On the last day of 2012 our 25th year as a worker cooperative (and 37th in business) ended. It was an extraordinary year – rich, full, profitable, demanding, restorative, and uplifting.
It was a year of many “first-evers”. On November 1st we welcomed three new owners at SMCo – the most ever at one time. When DonE Turnell, Marc Rosenbaum, and Aaron Beck became owners, it meant that 21 of our 30 full-time employees are now full owners. DonE worked here for 20 years before taking the buy-in plunge, our longest journey-to-ownership ever. And it goes back further – I can remember him as a 14 year old skate punk back in the early eighties. He hasn’t changed much. After his first SMCo Board meeting, he said, “It was kind of like a road association meeting but with less stupid people.” Less stupid people? Hey DonE, what are you trying to say??
Marc has been here for only 2 ½ years – when he was hired (after 30 years of running Energysmiths and 20 years as an SMCo consultant) the SMCo owners varied our policy of five years to ownership for the first time ever. And who knows? It could be the last.
December 31st also marked the end of the United Nations International Year of the Cooperative. Worker cooperatives (and employee ownership in general) are emerging from the shadow margins of our economy. For the last decade or two I have noticed that the socially responsible business movement in the U.S. has been essentially deaf when it comes to issues of widespread ownership. That is changing, and that’s important because, as Marjorie Kelly says in her seminal book Owning Our Future, published this year, “Ownership is the gravitational field that holds our economy in its orbit.” Which means trouble if ownership is concentrated and promise if it is well-distributed.
Economist Richard Wolff says “What distinguishes the United States from every other capitalist experiment is that from 1820 to 1970 the amount of money an average American made in “real wages,” – the money you earn compared to the prices you have to pay – kept climbing. No other capitalist system has delivered to its working class that kind of 150 year history. Then, in the 1970’s, it ground to a halt.”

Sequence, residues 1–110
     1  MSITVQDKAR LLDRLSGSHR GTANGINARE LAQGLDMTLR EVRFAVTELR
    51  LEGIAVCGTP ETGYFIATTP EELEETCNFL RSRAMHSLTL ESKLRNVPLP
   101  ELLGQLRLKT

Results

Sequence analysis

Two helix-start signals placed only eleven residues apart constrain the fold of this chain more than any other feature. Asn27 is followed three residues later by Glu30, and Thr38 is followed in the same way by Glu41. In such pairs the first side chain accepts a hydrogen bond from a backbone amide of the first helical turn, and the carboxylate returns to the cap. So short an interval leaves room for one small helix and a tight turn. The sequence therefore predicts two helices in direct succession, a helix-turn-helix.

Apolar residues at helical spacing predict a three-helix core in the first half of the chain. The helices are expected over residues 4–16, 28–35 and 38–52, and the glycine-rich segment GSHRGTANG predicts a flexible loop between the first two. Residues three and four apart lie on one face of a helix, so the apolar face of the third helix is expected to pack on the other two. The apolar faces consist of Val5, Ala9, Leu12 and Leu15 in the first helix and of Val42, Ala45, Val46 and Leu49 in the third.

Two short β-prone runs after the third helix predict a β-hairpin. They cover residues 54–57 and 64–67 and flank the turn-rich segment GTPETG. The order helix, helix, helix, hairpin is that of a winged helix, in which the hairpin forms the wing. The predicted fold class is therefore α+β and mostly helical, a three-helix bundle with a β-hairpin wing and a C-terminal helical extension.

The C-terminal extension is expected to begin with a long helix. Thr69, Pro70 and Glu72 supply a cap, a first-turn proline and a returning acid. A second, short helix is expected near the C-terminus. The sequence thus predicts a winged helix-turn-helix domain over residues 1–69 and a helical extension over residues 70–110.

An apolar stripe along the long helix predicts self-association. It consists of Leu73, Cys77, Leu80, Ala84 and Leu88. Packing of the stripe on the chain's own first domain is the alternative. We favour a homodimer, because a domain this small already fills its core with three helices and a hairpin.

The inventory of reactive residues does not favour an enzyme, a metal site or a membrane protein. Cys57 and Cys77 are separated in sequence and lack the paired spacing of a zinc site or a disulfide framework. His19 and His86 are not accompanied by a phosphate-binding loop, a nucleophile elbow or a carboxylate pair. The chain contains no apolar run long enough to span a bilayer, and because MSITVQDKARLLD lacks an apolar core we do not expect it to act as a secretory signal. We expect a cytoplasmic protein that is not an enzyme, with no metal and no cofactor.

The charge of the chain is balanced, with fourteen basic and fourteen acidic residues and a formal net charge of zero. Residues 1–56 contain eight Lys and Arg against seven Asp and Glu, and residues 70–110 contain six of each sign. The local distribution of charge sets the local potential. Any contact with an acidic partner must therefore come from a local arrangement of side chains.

For the next 30 years we lived on debt. During that time the top tax rate plummeted from a high of 91% to the current 35%. The 1 % thrived, the 99% did not.
“ By 2007,” says Wolff, “the American working class could not make the payments. They were exhausted: exhausted financially, exhausted physically, exhausted psychologically.”
Meanwhile, the vast majority of working people have no voice. In a democracy the people who have to live with the consequences of a decision ought to participate in making it.
Wolff goes on to say, “If our workplaces had been democratized, long ago, the workers would not have stopped raising their own wages – the credit-card borrowing frenzy would have been avoided. Would they have destroyed their own jobs by moving production overseas? Highly unlikely. Would they have employed technologies that pollute the local environment? No, they live there. Would they have used their profits to speculate in derivatives? Doubt it. Would they have allowed some to earn astronomical salaries while the rest got no raises? No way. Our economic history over the last thirty years would have been radically improved if we’d had a different way of organizing our enterprises – with a more cooperative, collective community-focused method that is democratic at its core.”
There’s a legitimate start. In the U.S. today cooperatives employ more than 2 million people, generate over $500 billion in revenue and $25 billion in wages and benefits, according to the National Cooperative Business Association. Green Futures reports there are 1.4 million cooperatives globally, with 1 billion employee-members.